UN's Ban Ki-moon disappointed in pace of Georgia-Abkhaz dialogue
( RIA Novosti ) - Hopes for the speedy resumption of a dialogue between Georgia and its breakaway republic of Abkhazia have once again been frustrated, the UN Secretary General has said in a report.
Ban Ki-moon said that both sides were remiss and needed to take active measures to implement understandings reached last month in Bonn at a meeting hosted by the so-called Group of Friends, comprising France, Germany, Russia, the U.K. and the U.S., as well as the Georgian and Abkhaz sides and the Secretary General's special representative for Georgia, Jean Arnault.
"In spite of the expectations raised by the high-level meeting of the Group of Friends chaired by the United Nations and held on 12 and 13 February at Geneva, dialogue between the sides remained suspended during the period under review," he said.
Ban Ki-moon noted that the Abkhaz side continued to link the resumption of dialogue to preconditions deemed unacceptable to the Georgian side, such as the immediate withdrawal of Georgian troops and the Government of the Autonomous Republic of Abkhazia from the disputed upper Kodori Gorge.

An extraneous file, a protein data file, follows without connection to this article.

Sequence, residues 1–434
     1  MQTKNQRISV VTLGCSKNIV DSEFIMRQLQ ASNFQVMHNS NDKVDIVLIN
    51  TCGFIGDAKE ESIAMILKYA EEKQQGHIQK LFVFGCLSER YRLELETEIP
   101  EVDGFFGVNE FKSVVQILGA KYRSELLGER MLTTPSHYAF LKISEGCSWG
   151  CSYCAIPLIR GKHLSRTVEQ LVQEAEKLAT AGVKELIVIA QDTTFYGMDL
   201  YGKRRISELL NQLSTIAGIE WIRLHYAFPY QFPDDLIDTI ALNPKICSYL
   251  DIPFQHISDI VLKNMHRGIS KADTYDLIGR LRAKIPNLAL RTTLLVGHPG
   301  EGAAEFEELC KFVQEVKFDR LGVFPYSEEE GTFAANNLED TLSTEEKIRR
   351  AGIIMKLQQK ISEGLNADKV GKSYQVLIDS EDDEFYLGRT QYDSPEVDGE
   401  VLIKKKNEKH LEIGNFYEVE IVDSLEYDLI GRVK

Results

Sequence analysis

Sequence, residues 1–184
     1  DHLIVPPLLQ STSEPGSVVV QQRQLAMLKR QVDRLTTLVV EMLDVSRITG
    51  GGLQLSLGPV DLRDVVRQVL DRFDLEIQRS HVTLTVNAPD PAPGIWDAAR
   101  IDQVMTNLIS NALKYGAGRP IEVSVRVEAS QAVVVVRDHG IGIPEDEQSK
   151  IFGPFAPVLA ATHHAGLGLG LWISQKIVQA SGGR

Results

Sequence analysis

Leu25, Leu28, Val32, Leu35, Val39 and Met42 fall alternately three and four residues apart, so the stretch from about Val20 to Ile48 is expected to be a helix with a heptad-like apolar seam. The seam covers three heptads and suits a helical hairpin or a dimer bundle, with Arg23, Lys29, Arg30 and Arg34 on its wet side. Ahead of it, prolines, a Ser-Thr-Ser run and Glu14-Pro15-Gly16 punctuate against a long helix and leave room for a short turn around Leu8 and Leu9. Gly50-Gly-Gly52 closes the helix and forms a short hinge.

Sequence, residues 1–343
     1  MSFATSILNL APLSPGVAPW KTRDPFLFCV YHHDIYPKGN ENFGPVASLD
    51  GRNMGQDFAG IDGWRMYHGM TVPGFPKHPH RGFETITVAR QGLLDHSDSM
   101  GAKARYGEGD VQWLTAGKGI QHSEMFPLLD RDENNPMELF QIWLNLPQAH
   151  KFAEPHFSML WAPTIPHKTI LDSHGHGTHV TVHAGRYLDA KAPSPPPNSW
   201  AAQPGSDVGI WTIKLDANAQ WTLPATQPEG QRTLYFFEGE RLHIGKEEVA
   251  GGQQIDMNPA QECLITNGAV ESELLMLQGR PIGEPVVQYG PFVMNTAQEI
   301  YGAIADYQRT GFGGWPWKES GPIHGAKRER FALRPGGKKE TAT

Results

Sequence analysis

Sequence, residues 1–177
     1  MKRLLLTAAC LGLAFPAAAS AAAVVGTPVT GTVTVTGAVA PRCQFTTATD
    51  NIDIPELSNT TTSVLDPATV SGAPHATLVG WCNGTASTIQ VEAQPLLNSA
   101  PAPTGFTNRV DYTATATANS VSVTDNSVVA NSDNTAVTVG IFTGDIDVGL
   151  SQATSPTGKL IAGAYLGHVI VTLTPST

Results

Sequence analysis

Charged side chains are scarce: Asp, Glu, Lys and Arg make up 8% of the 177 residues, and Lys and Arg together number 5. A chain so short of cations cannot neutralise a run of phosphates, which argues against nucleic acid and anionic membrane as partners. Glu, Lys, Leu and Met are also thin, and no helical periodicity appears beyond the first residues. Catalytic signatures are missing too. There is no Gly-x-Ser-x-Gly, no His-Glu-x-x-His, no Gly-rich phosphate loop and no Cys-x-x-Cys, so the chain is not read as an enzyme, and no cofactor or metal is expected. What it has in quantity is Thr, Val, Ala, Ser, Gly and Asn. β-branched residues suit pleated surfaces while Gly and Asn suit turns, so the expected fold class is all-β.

In addition, he said, both sides differed in their interpretation of the recently passed Security Council Resolution 1752, which the Georgian side welcomed as confirmation of its adherence to UN recommendations on Kodori, while the Abkaz side insisted that Georgia remained in breach of the 1994 Agreement on a Ceasefire and Separation of Forces.
The Secretary General said that while the situation along the ceasefire line between the two conflicting sides remained quiet if tense, a particular source of unease was the continued presence of a Georgian patriotic youth camp in Ganmukhuri, whose location in a sensitive area increased the risk of accidental conflict and bloodshed.
He said the UN Observer Mission in Georgia (UNOMIG) had recently detected heightened activity around the camp, and he called on Georgia to move it away from the security zone in order to avoid any potential misunderstandings from spiraling out of control.
Ban Ki-moon noted that the separation of opposing forces was the primary and most effective guarantee that peace would be preserved.
The region has been embroiled in a protracted conflict for 14 years since Abkhazia declared independence from Georgia, and nearly 300,000 people have been forced to flee their homes in that time. Tbilisi has vowed to bring the secessionist province back under its control.
UNOMIG was established in August 1993 to verify compliance with the ceasefire agreement that ended bloody fighting, and has maintained a presence in the region between the opposing sides ever since.
In April, a unanimous Security Council resolution voted to extend UNOMIG's mandate for another six months, until October.